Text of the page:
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How big is the ozone hole? Is the hole getting bigger or smaller? Can the ozone layer/hole be repaired, by nature or otherwise? How long do CFCs take to reach the ozone layer and eat it up? How big will the ozone layer get by the year 2000?How could we stop the ozone hole from getting bigger? Will the ozone hole affect the earth's gravity? What will happen if the hole gets really big? Would we die?
Question Date: 1998-10-15
Answer 1:

No, gravity has nothing to do with the hole in the ozone layer. Ozone is produced when energy from the sun in the form of UV radiation makes a certain reaction occur between two diatomic molecules of oxygen to produce O3, a relatively unstable form of oxygen known as ozone. Gravity play no role. CFCs make ozone even less stable; that is why CFCs deplete the ozone and create the OZONE hole.

Answer 2:

An ozone molecule is made up of three oxygen atoms in a chain.
The ozone layer is a layer of ozone molecules scattered between 19 and 30 kilometers (12 to 30 miles) up in the earth's atmosphere. The concentration of ozone in the ozone layer is usually under 10 parts ozone per million.

Without the ozone layer, UV radiation would not be stopped from entering the earth's atmosphere and coming to the surface.
Ultraviolet light can break chemical bonds of the molecules in cells.
It is ultraviolet light that causes sunburns. If there were too much ultraviolet light around, our skin would burn very badly without any time for it to heal. If the ultraviolet light gets past the skin and gets absorbed by cells further in the body, those cells, and their DNA and other proteins, could also be damaged.

In the 1970's, scientists first discovered that chlorofluorocarbons(CFC's) potentially could destroy the ozone layer, and since CFC's had been in use as refrigerants, coolants, and propellants for aerosol cans since the 1930's, there was a lot of work that needed to be done.

Man-made chlorofluorocarbons (CFC's) are a large concern when it comes to the ozone layer. The long life of CFC's is one of the components that make them so hard for the ozone layer to handle. CFC's have a lifetime of about 20 to 100 years, before they get destroyed in the atmosphere. With a long life time like that, one CFC molecule can do a lot of damage, destroying ozone molecules for a long time. Even if we released no more ozone-harmful chemicals like CFC's into the atmosphere, the damage to the stratospheric ozone layer would continue for years to come.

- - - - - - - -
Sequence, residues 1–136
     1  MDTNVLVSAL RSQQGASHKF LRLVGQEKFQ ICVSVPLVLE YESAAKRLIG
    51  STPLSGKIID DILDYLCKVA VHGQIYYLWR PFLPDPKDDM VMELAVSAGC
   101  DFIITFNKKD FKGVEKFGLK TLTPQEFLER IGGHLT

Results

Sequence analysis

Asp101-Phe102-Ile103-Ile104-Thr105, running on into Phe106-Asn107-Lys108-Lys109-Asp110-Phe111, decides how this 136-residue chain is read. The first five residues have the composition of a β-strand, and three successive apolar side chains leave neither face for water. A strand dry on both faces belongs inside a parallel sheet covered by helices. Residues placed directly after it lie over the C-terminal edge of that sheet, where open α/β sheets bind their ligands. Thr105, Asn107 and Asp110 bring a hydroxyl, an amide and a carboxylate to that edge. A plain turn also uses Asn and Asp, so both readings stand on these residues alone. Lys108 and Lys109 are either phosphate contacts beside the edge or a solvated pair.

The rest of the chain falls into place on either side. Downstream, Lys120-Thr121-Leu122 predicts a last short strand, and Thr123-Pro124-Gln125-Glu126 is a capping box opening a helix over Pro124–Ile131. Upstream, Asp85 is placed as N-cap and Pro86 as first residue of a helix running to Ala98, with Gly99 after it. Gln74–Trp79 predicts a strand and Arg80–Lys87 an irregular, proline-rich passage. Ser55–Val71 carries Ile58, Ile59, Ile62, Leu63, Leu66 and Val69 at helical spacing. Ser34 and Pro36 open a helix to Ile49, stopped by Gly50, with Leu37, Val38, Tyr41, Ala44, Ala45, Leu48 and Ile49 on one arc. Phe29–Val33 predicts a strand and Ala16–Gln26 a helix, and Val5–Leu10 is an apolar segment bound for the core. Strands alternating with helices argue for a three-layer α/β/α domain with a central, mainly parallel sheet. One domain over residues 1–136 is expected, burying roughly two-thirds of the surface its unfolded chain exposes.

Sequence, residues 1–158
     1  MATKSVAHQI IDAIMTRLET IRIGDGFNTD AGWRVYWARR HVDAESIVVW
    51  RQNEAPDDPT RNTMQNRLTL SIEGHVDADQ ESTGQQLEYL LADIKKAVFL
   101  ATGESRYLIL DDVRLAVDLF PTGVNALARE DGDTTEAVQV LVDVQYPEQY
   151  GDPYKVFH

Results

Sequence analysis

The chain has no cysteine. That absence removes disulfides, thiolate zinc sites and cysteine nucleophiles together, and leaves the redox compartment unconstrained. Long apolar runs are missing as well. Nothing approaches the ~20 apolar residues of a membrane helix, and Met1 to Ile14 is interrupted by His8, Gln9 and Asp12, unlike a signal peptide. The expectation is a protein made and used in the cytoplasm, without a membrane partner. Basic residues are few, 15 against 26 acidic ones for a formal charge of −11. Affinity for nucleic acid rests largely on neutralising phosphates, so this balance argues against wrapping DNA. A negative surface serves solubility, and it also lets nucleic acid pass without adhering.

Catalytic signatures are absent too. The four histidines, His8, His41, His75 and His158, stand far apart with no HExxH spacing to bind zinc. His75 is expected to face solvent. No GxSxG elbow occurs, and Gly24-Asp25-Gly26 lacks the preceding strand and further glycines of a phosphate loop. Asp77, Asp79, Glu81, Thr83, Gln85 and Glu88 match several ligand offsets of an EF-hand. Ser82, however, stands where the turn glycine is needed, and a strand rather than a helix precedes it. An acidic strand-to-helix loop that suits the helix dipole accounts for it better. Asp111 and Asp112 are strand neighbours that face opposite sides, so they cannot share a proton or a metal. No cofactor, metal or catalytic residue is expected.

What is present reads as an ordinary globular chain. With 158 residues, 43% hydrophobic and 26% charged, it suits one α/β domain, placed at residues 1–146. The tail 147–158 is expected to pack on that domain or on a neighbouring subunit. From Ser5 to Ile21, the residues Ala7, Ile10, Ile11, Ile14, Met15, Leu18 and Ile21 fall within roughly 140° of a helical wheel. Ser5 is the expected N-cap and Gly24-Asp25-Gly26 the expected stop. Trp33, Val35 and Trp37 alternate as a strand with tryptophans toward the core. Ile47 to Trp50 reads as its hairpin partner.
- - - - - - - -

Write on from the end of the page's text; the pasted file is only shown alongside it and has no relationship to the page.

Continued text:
If everyone on Earth stopped making, using, or releasing CFC's today, in what year would the existing CFC's in the atmosphere be destroyed. What would happen to the ozone layer after that?

The ozone hole over Antarctica is growing every day. Now it is about 8.3 million square miles in size during the winter months, large enough to cover most of North America, and most of the damage to the ozone layer comes from human activity. We account for between 75% and 85% of the ozone depletion that takes place each year. 1% to 5% comes from volcano eruptions each year and 15% to 20% from other natural sources.

How do volcano eruptions cause changes in the ozone layer?

(Te EPA site is excellent. It has answers to many of these questions, and lots more! It has information on methyl bromide too.)

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